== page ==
What is interesting is that Ichthyander’s behaviour is not vindicated by the events of the story. The film may sympathise with, even admire, his conduct, but ultimately, it also dismisses it, however regretfully, as hopelessly na´ve and impractical. Out of the water and confronting reality, the boy’s sincerity, his generosity, and his sense of honour are simply not enough. There is a streak of commonsense underlying the romanticism in Amphibian Man, and in the end, it is Olsen and his personal brand of level-headed socialism that is given the big thumbs-up. The journalist may want to "save the world" as much as Dr Salvetor, but he puts his theories into practice in an infinitely more practical way, and always keeping in mind mankind’s limitations – and more importantly, his own. Without trying to force his views onto anyone else, Olsen has committed himself to fighting those battles that are within his power, struggling to improve the social conditions in his own tiny corner of the globe. It is not an easy fight, nor indeed an inexpensive one. With his constant run-ins with The Authorities, his tireless, if not always successful, efforts to keep his newspaper operational, and his rueful acceptance of a life of personal hardship, Olsen would be the last man alive not to admit that money can sometimes be – very useful indeed….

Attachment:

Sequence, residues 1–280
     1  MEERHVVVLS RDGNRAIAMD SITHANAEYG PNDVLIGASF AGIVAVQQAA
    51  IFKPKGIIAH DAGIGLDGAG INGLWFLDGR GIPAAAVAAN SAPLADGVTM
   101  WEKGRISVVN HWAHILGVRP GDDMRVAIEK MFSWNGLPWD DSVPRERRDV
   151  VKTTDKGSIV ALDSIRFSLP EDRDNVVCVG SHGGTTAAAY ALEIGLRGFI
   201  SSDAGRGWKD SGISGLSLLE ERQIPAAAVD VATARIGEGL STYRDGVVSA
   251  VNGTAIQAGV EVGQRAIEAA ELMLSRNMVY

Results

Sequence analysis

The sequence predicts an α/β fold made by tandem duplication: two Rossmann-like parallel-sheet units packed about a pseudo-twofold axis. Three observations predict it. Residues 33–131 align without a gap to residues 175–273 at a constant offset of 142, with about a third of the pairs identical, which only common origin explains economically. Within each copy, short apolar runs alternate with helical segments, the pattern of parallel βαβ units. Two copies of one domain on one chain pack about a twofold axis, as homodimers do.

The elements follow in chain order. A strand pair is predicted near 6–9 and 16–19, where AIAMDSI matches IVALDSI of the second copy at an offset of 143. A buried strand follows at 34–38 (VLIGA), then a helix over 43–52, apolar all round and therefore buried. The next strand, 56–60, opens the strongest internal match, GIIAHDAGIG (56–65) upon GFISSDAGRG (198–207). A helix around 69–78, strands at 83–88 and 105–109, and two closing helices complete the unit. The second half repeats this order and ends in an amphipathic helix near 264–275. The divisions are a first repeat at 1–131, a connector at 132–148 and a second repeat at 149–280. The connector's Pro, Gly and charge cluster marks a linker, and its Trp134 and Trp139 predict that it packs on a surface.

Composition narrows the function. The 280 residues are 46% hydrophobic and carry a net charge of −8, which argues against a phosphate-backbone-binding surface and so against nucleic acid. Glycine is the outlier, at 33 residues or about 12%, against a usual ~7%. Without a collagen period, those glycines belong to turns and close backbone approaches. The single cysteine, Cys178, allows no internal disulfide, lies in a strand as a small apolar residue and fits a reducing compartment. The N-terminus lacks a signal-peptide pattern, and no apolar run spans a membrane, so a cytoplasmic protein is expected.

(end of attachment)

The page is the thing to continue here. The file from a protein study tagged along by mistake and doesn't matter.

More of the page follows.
The joy of Amphibian Man is that it is simply never what you would expect a Soviet film of the early sixties to be. First and foremost on the list of surprises is the film’s setting. With its sun-drenched Mexican coastal town, its cliffs and sparkling seas, and its supporting cast of skimpily dressed young people, all intent on a good time, the action seems distinctly un-Russian. Excellent use is made of the film’s locations, particularly during Ichthyander’s flight through the city, when ordinary places and events suddenly become invested with terrifying or sinister meaning. Most memorable, perhaps, is when Ichthyander finds himself by the docks as a cow is being air-loaded onto a boat. As the frightened animal lows and struggles, the bewildered boy is suddenly unable to take any more, and bolts through a maze of high, cramped buildings and dry, narrow, dusty streets. These sequences are in stunning contrast with those set in Ichthyander’s garden in the sea, where lovely photography and clever, stylised art direction combine to create a fantasy world so lovely and peaceful that the viewer can almost sympathise with the mad schemes of Dr Salvetor. For the most part, the underwater scenes are very well-realised, if not entirely seamless (witness the moment when a small ray helpfully presses itself against the glass of the tank in which it is being filmed!). Unfortunately, the least successfully executed sequence is also one of the film’s most important, the shark’s attack on Gutierre. We’re given a nice clear look at the creature in question; enough to realise that it’s a harmless reef shark of no more than a foot or two long – and the trick photography used here is no help at all. (Note to film-makers: forced perspective monsters might be cost effective, but – trust me on this one – they just don’t work.) This is an unfortunate glitch, but still, the film survives it. On the plus side, Amphibian Man boasts some beautiful cinematography, wringing the most out of its locations – and its cast. Both Vladimir Korenev and Anastasiya Vertinskaya are Very Pretty People Indeed; and much is made, photographically speaking, of their matching dark hair and vivid blue eyes. The film’s production design is also a treat, particularly in Dr Salvetor’s "futuristic" house and laboratory (I’m particularly enamoured of the bathyscope-shaped elevator!). And there are some other incidental pleasures, as well – such as Don Pedro’s wardrobe, which runs the gamut from a sand-coloured suit enlivened by open brown checks and underlaid by the inevitable black roll-neck skivvy, to a thoroughly lurid black and scarlet dressing-gown – the latter his outfit of choice when prowling outside his recalcitrant bride’s bedroom. (If I were Gutierre, I wouldn’t let him in either! Speaking of Don Pedro, he’s responsible for my very favourite moment in the whole film when, having discovered Olsen’s plans for extricating both Ichthyander and Gutierre from their respective predicaments, he bellows hysterically, "He’s running away to Australia with MY WIFE!!" – the geographical destination of the eloping couple being, apparently, the very last straw.) Another of the film’s virtues is its score by Andrei Petrov, who is now in the fifth decade of his cinematic career. But this being a science fiction film of the sixties, Amphibian Man doesn’t just have a score – it has songs. The first, by a guitar-strumming street singer, is an extremely strange and depressing little number all about how everyone would be better off dead, and fisherman are the luckiest people in the world because there’s a good chance they’ll be drowned at any moment. And the second--- Ah, my friends, the second! In a jaw-dropping sequence, while Ichthyander wanders the streets of the city at night, the viewer given a privileged look inside a nightclub, where a smouldering torch-singer extols the masculine charms of – the Sea-Devil! What was it, I wonder, about the fantasy films of the sixties, that compelled their makers to include such a fabulous selection of theme songs!? "Song Of The Sea-Devil" may not displace "GREE-EE-EEN SLI-II-II-IIME" (from the film of the same name) from the top of my personal hit parade, but it does join "Tivoli Nights" from Reptilicus, "The Words Get Stuck In My Throat" from War Of The Gargantuas and the theme from Journey To The Seventh Planet in my top five. And just because I like you all so much – you’ll find the lyrics to "Song Of The Sea-Devil" in Immortal Dialogue….